Did they or didn’t they? Although it is denied, records obtained by the Bay Observer suggest the Hamilton Police Services may have overcharged the Province for Pan-Am policing by almost double the amount allowed under the agreement between the city and the Games organizers– this according to documents obtained under Freedom of Information legislation by Hamilton police watchdog and former City of Hamilton accountant, Shekar Chandrashekar. A spokesperson for the Ministry of Community Safety and Correctional Services confirmed to the Bay Observer that Hamilton had submitted a bill for approximately $2.7 Million for policing the Pan Am Games in Hamilton, and that after some minor adjustments a cheque was issued for $2,753,597. Police Services accounting records obtained under Freedom of Information by Mr. Chandrashekar show actual out of pocket expenses incurred by the Police Service were a little over $1.4 Million. In a note to the Bay Observer confirming the provincial payment, Ministry spokesperson Brent Ross wrote, “it is important to note that under these agreements, only actual expenditures incurred for games-related security costs that are consistent with the budget outlined in the agreement and supported by detailed invoices submitted to the Ministry, were eligible for reimbursement.” Mr. Ross declined to provide the Bay Observer with the actual itemized invoice submitted by Hamilton Police Services, citing concerns over confidentiality around specific personnel, but Matthew Torigian, Deputy Minister Ministry of Community Safety and Correctional Services says the matter is under review. In addition Chandrashekar reported the matter to the Auditor General’s office who wrote in reply, “we would encourage you to submit to us any additional information that you have indicating the costs reported to PwC were in excess of the ones actually incurred/reported by the Hamilton Police Services Board.” The Bay Observer has approached the HPS for clarification on the actual amount of out-of-pocket expenses and were told that the documents that were obtained under FOI did not include all out-of-pocket expenses, but has been unsuccessful in getting an actual final figure. However, in a published report in June Police board chair Lloyd Ferguson publicly stated the PSB had made money on the deal saying close to $2.4 million of the surplus came from Pan Am policing dollars. “We were fortunate through various cost-saving efforts to be able to hang on to some of it.” Last week Clr. Ferguson admitted there was a windfall in an interview with the Bay Observer saying it was made possible when former Chief Glenn DeCaire cancelled holidays during the games, thus alleviating the need to pay for off-duty policing. Mr. Chandrashekar told the Bay Observer he canvassed other Police Services Boards in the GTA and was told they submitted claims for actual out-of-pocket expenses only.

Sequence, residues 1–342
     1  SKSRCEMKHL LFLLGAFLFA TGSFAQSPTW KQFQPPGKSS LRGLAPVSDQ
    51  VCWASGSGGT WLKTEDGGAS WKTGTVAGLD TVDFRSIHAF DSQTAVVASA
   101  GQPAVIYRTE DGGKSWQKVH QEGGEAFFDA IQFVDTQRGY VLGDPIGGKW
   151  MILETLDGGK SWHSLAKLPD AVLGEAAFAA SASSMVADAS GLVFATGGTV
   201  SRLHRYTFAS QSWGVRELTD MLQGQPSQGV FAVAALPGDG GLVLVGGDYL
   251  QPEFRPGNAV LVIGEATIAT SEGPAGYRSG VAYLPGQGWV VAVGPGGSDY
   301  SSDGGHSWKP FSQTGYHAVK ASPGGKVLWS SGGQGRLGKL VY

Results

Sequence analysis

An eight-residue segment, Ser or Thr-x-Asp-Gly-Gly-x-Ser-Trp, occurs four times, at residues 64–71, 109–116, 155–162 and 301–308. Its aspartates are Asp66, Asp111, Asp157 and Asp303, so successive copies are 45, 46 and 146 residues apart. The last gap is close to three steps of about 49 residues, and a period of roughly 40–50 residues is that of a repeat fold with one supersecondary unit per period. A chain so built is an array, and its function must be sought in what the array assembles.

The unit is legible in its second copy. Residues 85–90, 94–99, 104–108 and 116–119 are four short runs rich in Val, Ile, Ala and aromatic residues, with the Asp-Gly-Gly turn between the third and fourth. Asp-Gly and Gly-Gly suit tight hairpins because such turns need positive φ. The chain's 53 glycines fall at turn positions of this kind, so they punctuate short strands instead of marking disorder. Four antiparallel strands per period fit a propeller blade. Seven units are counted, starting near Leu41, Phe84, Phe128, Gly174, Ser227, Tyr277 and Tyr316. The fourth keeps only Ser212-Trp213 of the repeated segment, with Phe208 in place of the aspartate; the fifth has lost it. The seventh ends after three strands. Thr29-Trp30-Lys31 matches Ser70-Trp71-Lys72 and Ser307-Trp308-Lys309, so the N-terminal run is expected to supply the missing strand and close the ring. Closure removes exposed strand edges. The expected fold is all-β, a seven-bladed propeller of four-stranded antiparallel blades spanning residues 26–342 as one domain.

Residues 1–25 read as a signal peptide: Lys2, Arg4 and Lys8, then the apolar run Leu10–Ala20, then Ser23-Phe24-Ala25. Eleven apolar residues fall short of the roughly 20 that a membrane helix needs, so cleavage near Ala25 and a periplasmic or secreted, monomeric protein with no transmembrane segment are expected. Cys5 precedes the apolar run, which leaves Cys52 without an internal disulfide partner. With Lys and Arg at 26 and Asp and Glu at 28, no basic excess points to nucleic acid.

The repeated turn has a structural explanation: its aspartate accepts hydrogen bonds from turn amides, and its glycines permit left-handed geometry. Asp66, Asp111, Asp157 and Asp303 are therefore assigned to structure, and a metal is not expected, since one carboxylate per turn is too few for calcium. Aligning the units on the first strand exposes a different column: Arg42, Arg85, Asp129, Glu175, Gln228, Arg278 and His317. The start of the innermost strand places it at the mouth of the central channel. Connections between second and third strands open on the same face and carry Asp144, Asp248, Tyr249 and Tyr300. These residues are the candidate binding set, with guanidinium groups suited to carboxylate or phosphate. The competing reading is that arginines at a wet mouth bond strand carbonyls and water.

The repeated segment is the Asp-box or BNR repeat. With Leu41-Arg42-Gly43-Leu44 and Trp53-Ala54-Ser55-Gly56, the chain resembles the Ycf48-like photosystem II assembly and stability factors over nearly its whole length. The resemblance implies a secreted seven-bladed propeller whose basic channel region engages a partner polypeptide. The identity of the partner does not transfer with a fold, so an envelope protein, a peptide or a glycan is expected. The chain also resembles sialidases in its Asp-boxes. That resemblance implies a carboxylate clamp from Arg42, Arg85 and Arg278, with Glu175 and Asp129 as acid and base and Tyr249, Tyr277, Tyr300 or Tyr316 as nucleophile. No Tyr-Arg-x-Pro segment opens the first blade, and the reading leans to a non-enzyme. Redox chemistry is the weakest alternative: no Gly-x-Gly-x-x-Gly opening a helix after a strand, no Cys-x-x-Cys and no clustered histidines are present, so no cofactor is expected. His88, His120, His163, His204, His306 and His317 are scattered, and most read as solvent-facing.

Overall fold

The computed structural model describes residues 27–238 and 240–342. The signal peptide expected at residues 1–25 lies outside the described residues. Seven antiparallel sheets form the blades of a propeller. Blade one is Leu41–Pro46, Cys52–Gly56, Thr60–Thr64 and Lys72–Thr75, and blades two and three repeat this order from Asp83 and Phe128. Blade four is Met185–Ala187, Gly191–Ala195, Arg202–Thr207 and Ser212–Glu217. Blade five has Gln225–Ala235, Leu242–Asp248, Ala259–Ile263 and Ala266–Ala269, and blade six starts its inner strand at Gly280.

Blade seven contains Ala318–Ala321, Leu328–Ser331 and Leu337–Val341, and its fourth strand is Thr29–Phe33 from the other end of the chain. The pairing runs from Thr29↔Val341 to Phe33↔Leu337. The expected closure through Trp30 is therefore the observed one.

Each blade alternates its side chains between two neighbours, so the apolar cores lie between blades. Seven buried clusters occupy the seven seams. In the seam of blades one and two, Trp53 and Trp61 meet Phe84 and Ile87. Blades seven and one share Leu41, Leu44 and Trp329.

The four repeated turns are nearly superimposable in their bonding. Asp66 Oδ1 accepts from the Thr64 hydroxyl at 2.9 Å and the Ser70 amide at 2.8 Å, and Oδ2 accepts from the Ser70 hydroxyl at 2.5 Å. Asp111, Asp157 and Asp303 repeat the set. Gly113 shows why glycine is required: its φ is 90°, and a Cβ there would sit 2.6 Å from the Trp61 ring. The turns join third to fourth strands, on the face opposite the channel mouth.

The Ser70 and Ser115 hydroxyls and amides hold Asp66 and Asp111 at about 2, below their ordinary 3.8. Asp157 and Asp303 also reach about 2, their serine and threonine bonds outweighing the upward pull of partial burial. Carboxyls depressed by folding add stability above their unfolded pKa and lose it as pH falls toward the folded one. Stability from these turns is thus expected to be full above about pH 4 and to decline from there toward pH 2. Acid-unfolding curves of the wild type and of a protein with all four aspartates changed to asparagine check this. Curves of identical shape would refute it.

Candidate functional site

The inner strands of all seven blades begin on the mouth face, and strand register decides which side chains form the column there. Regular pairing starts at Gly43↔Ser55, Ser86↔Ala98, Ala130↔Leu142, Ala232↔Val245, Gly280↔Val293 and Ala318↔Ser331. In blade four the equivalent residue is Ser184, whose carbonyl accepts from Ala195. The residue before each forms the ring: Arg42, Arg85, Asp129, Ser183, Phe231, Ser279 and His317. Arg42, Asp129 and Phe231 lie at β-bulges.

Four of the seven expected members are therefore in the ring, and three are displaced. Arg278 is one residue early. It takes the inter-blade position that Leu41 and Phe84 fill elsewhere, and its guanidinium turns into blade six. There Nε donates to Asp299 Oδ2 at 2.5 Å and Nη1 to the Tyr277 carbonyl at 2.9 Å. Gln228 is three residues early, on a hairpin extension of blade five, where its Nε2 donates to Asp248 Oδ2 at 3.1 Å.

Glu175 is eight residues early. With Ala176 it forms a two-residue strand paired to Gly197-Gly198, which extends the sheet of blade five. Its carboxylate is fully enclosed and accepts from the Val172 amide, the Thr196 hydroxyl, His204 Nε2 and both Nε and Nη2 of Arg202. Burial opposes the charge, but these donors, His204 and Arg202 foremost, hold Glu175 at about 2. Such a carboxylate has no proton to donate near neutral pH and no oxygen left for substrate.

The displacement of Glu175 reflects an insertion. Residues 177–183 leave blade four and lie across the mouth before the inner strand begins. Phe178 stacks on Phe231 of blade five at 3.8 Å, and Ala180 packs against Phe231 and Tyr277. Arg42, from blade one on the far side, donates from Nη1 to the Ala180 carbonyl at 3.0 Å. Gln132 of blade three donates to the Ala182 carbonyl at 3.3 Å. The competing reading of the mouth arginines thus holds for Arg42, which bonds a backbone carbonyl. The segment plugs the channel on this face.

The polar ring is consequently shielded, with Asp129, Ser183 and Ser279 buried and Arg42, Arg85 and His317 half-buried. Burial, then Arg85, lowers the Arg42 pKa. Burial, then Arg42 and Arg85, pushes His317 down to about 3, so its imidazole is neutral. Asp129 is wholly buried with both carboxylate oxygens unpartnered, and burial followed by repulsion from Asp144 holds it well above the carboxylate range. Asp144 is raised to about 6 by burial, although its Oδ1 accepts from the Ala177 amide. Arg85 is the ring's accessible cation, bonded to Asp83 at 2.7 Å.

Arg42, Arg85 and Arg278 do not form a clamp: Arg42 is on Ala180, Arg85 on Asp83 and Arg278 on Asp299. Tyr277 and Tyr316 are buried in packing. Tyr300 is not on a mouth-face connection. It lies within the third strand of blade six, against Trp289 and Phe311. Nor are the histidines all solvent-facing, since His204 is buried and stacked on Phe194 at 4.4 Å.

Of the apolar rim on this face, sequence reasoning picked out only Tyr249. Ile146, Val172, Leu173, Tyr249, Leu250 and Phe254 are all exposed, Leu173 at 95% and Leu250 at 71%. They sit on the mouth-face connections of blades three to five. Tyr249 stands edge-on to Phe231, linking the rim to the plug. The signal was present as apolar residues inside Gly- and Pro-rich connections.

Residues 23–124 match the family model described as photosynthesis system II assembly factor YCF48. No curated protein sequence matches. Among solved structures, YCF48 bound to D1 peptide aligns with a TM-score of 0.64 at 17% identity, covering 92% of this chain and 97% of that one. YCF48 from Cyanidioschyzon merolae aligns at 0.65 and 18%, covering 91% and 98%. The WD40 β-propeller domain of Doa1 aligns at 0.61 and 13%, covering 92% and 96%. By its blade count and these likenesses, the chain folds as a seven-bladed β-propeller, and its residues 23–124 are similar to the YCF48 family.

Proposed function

Shekar Chandrashekar, a retired City of Hamilton Finance employee, has been campaigning for greater transparency in Police accounting for several years. He was successful in persuading Hamilton City Council to order a separate audit of police accounting records, ending the previous practice of having the police audit lumped in with the City of Hamilton annual audit. Police had resisted the audit, suggesting it would be too costly at $250,000; but it was later determined that the separate audit would entail less than $20,000 in fees. A separate police audit, in theory at least, would allow for more detailed scrutiny of police accounting, although the most recent audit failed to turn up the apparent discrepancy in the Pam Am policing payout. In previous examinations of the Police Service books Chandrashekar expressed concerns about other cash reserve accounts accumulating on the books for items like retirement and holiday pay that were apparently not being used for those purposes. Instead holiday and vacation entitlements were being met through the regular budget.